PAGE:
Review: Memory Piece, Lisa Ko

Published in The Observer on March 24, 2024

The first section of Lisa Ko’s novel follows a Chinese-American artist, Giselle Chin, who in 1996 begins a durational work called Memory Piece: she writes down her memories for seven hours a day, for a year – and at the end she burns the lot. But in Memory Piece, the book, the documenting of life becomes something precious and worth preserving.

The novel is itself a kind of archival resource, odd photographs and records interspersed between accounts of the lives of Giselle and her childhood pals Jackie Ong and Ellen Ng. Their friendship develops as the story unfolds, sometimes blooming, sometimes growing thorns, and there is real pleasure in seeing each character through the eyes of the others in turn.

The first section sees Giselle finding success as a young performance artist in New York in the 1980s, while Jackie’s section follows her negotiation of a booming tech industry in the late 1990s; she develops a blogging platform where people can publish “a personal, public, digital archive of one’s own life”.

Ko then takes a conceptual leap forward, to the 2040s and a full dystopia, where the now 71-year-old Ellen is forced to abandon her beloved activist housing co-op in Manhattan, when it’s slated for redevelopment, and must flee to a hand-to-mouth existence in a rundown area of the Bronx.

Gentrification on steroids has divided the US into wealthy enclaves ringed by security, and deprived encampments beyond; fascists are in power, surveillance is absolute and movement, communications and resources are restricted (unless you’re rich). What’s recorded – and what can be shared – is tightly controlled; even trying to remember a different world becomes a radical, dangerous act.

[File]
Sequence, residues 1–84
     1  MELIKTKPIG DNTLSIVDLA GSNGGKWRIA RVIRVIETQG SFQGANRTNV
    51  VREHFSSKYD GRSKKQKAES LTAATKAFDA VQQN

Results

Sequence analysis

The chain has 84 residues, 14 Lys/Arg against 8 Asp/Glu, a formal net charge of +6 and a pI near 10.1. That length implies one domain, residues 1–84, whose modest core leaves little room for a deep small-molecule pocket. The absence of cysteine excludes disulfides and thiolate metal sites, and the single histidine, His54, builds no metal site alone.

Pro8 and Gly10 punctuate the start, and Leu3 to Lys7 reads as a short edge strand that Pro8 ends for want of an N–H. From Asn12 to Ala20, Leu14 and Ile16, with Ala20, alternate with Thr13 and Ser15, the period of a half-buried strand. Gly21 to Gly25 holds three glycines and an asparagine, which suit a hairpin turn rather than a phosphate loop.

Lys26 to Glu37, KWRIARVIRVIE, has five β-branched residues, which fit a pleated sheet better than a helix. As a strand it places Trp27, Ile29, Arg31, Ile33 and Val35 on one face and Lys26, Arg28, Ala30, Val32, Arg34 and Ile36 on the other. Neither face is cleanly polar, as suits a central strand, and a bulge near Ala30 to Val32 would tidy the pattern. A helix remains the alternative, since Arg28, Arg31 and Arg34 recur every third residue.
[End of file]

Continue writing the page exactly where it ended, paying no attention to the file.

This is Ko’s second novel, following 2018’s The Leavers, and she writes with a cool, collected intelligence and is unafraid to wrangle big ideas. Her characters continually weigh personal integrity against success, wealth, comfort, even safety. Giselle and Jackie cling to idealism within lives that disappoint: Giselle sees through the wealth, gatekeeping and phoniness of the art world; Jackie loses faith in the democratic promise of the internet as the potential to track and monetise users becomes apparent. The novel’s three-part structure cleverly reveals how the nastier sides of both scenes feed a future of stark economic divisions and hyper-surveillance.

That said, I did struggle with the gear shift into the extremely bleak 2040s. It’s a stylistic jolt: up to that point, Ko deploys an elegant, almost stately pace of third-person narration, offering crystal-sharp depictions of two specific industries and a New York of the past. In the third part we’re in a much more jittery first-person account from Ellen. The anxiety hums off the page, but the world-building is harder to deliver in first person, and there are occasionally awkward exposition dumps.

The doomcasting does, however, much expand the palette and scope of this ambitious book. Towards the end, there are tantalising hints that the friends develop an archive, documenting how people used to live: a resource to help “continue the story and imagine another” – and a breath of hope to close on.

Memory Piece by Lisa Ko is published by Dialogue Books (£18.99)

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